KPL Chief Executive Officer, Mr Carter Coleman said his company posted a whopping 4bn/- loss as a result of the Pakistan rice imports in 2013 and a similar amount due to a 25 per cent price fall caused by a bumper harvest in 2013/14 season.“Some 40,000 tonnes of cheap Pakistani rice that was exempt from the Common External Tariff of the East African Community was imported, dropping the wholesale price by 54 per cent and impoverishing hundreds of thousands of rice smallholders,” Mr Coleman said while responding in an interview.The government had initially issued permits for the importation of 120,000 tonnes of rice to offset an alleged shortage in the local market but suspended the imports in March last year after an outcry by commercial and smallholder rice farmers.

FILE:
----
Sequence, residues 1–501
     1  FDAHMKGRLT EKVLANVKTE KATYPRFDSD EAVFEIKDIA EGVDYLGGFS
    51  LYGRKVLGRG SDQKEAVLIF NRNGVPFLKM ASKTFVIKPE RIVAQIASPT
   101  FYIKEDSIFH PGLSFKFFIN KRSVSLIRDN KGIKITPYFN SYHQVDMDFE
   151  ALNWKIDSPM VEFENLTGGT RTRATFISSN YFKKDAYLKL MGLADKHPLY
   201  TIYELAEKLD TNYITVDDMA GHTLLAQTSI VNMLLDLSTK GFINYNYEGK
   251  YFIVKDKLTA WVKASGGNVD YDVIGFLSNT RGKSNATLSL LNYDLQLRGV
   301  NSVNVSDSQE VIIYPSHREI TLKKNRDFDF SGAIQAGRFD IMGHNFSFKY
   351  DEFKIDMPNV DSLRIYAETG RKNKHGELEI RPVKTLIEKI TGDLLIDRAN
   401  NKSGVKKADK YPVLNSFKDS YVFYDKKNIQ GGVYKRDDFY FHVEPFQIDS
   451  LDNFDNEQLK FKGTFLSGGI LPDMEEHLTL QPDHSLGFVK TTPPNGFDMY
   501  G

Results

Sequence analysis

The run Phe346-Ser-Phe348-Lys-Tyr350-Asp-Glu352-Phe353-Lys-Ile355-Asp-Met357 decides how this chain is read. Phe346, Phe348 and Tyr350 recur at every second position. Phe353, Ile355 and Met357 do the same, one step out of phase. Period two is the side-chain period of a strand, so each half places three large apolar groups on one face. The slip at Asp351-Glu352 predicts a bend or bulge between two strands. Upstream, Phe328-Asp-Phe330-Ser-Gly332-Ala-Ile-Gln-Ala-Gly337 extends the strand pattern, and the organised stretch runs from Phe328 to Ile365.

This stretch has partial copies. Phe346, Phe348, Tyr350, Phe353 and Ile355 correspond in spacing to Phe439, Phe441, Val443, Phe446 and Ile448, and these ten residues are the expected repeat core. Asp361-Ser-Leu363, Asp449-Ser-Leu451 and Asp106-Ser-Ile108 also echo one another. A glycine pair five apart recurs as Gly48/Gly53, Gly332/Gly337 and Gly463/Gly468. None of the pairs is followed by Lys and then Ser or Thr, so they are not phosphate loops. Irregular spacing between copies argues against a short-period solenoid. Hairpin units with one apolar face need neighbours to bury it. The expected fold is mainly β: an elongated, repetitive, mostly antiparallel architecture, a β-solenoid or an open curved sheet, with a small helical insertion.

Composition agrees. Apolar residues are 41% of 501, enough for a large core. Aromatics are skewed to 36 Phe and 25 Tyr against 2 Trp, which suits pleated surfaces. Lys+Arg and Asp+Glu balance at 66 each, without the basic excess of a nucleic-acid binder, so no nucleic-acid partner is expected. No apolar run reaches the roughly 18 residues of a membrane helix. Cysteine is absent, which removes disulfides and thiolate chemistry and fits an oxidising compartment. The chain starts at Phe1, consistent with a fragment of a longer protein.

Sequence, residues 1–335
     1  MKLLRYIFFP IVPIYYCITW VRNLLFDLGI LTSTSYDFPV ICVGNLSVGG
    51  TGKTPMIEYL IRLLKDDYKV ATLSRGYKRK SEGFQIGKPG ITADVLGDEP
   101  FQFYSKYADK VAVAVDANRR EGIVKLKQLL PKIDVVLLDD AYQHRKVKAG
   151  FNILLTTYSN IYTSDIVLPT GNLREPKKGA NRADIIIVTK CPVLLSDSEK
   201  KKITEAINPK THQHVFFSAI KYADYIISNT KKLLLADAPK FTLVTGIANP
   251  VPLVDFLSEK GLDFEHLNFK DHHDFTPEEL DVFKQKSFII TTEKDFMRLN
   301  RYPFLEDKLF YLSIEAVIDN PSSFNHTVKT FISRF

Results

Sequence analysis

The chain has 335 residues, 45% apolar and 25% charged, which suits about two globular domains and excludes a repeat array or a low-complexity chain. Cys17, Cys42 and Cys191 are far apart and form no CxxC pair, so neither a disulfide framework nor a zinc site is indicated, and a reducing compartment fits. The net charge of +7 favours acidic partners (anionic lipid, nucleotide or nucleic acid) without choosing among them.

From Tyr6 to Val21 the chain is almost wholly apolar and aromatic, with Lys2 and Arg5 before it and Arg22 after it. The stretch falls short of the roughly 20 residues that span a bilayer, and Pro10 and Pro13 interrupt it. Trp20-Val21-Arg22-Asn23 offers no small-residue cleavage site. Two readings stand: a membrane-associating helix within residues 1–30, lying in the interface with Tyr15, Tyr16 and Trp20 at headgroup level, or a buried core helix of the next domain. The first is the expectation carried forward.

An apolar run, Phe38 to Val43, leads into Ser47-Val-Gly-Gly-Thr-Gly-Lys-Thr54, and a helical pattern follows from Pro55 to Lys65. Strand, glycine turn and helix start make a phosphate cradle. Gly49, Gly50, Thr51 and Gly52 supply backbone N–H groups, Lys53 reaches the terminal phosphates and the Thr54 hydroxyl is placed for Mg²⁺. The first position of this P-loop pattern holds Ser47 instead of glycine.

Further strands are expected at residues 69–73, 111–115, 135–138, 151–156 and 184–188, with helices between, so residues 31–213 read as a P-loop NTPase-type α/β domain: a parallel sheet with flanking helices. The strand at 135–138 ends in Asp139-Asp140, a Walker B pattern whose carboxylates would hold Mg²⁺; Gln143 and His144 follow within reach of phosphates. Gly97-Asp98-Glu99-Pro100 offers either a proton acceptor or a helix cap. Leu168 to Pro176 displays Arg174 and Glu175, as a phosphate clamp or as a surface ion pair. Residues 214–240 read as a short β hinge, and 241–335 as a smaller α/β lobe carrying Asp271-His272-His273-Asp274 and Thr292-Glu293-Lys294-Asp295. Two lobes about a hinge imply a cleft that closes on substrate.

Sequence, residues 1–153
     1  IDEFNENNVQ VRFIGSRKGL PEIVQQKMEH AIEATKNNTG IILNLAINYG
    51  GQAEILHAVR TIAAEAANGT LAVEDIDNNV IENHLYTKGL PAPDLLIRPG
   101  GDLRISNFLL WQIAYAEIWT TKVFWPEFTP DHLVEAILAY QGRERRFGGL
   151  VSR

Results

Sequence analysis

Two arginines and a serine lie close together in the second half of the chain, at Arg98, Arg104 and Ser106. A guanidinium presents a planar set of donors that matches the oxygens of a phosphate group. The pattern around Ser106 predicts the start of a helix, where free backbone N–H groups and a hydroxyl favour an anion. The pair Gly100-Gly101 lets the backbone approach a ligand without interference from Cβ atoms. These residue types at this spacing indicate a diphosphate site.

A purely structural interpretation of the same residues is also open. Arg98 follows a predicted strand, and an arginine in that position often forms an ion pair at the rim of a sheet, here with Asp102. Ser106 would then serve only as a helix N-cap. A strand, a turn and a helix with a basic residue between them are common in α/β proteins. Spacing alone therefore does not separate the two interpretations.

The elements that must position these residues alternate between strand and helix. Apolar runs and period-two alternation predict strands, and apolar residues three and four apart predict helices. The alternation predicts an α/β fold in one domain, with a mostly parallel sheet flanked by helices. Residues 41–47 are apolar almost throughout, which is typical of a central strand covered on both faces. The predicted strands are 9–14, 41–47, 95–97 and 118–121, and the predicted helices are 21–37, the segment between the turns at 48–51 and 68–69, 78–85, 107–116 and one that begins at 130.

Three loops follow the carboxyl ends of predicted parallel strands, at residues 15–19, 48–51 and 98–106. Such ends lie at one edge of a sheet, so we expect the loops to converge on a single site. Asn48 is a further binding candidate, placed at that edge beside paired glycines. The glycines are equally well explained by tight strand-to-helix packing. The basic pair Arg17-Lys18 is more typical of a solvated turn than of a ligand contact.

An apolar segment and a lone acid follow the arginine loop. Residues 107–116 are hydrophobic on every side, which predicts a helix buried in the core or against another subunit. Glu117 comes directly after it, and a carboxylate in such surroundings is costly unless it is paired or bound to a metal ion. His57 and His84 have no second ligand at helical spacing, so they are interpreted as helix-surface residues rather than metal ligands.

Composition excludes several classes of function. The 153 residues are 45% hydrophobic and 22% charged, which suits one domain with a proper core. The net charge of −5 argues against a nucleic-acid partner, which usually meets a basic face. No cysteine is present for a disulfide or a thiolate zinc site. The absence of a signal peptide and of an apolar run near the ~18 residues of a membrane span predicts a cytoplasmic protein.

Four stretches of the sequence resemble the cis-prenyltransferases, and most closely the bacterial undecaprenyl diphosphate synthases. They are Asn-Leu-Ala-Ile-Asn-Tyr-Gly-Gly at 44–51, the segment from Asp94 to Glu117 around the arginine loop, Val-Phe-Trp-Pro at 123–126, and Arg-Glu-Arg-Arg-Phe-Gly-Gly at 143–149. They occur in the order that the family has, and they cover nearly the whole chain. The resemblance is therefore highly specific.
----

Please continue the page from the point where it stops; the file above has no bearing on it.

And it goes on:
KPL still had 1,000 tonnes of rice from the 2012 season and another 5,000 tonnes from 2013 season which could not be sold at a profitable price due to the cheap imports by mid last year.Local rice producers further faced problems to export the grain to Rwanda and Uganda because crooked traders blended local rice with Pakistan imports forcing governments of the two countries to slap a 75 per cent import duty. Coleman is angry with Ugandan authorities for continuing to impose the 75 per cent duty on Tanzanian rice exports contrary to EAC’s Customs Union Protocol.“There is no substantial Pakistani rice in Tanzania, please get your government to lift the tariff on our rice as you are bankrupting Tanzanian farmers,” said Coleman in an emotional message directed at former Ugandan Ambassador to China, Philip Idro.In his response, Ambassador Idro argued that so long as local rice was blended with Pakistan rice, it will continue attracting hiked duty because it violates the rules of origin as per EAC Customs Protocol. “This means that we have to do our part and that is why Uganda is going ahead to hold onto the 75 per cent tax, even if alone,” Ambassador Idro stressed.He warned that local rice producers who create jobs and add value to the economy should regularly update policy makers on the disaster which imported rice is causing on the EAC region’s economies.